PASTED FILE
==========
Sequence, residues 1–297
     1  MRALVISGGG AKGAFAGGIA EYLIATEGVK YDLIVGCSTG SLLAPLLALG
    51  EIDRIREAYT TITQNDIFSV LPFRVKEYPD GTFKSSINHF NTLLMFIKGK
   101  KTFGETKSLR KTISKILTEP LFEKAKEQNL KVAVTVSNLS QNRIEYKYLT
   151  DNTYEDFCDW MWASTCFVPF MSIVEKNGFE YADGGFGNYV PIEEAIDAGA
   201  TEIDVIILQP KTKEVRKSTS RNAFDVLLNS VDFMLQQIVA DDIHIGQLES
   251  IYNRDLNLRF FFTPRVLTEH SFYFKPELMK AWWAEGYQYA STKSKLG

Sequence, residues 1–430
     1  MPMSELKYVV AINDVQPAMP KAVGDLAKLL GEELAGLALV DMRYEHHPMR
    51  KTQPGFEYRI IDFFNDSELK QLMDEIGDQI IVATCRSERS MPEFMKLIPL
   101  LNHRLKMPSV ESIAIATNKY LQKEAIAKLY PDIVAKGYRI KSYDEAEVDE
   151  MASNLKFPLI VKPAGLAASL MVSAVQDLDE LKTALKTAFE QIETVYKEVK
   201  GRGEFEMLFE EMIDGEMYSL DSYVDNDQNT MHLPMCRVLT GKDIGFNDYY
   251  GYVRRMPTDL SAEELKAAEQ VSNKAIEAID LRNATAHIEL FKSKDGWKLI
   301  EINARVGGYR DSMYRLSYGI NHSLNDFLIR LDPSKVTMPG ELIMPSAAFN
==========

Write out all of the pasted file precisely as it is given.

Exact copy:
Sequence, residues 1–297
     1  MRALVISGGG AKGAFAGGIA EYLIATEGVK YDLIVGCSTG SLLAPLLALG
    51  EIDRIREAYT TITQNDIFSV LPFRVKEYPD GTFKSSINHF NTLLMFIKGK
   101  KTFGETKSLR KTISKILTEP LFEKAKEQNL KVAVTVSNLS QNRIEYKYLT
   151  DNTYEDFCDW MWASTCFVPF MSIVEKNGFE YADGGFGNYV PIEEAIDAGA
   201  TEIDVIILQP KTKEVRKSTS RNAFDVLLNS VDFMLQQIVA DDIHIGQLES
   251  IYNRDLNLRF FFTPRVLTEH SFYFKPELMK AWWAEGYQYA STKSKLG

Sequence, residues 1–430
     1  MPMSELKYVV AINDVQPAMP KAVGDLAKLL GEELAGLALV DMRYEHHPMR
    51  KTQPGFEYRI IDFFNDSELK QLMDEIGDQI IVATCRSERS MPEFMKLIPL
   101  LNHRLKMPSV ESIAIATNKY LQKEAIAKLY PDIVAKGYRI KSYDEAEVDE
   151  MASNLKFPLI VKPAGLAASL MVSAVQDLDE LKTALKTAFE QIETVYKEVK
   201  GRGEFEMLFE EMIDGEMYSL DSYVDNDQNT MHLPMCRVLT GKDIGFNDYY
   251  GYVRRMPTDL SAEELKAAEQ VSNKAIEAID LRNATAHIEL FKSKDGWKLI
   301  EINARVGGYR DSMYRLSYGI NHSLNDFLIR LDPSKVTMPG ELIMPSAAFN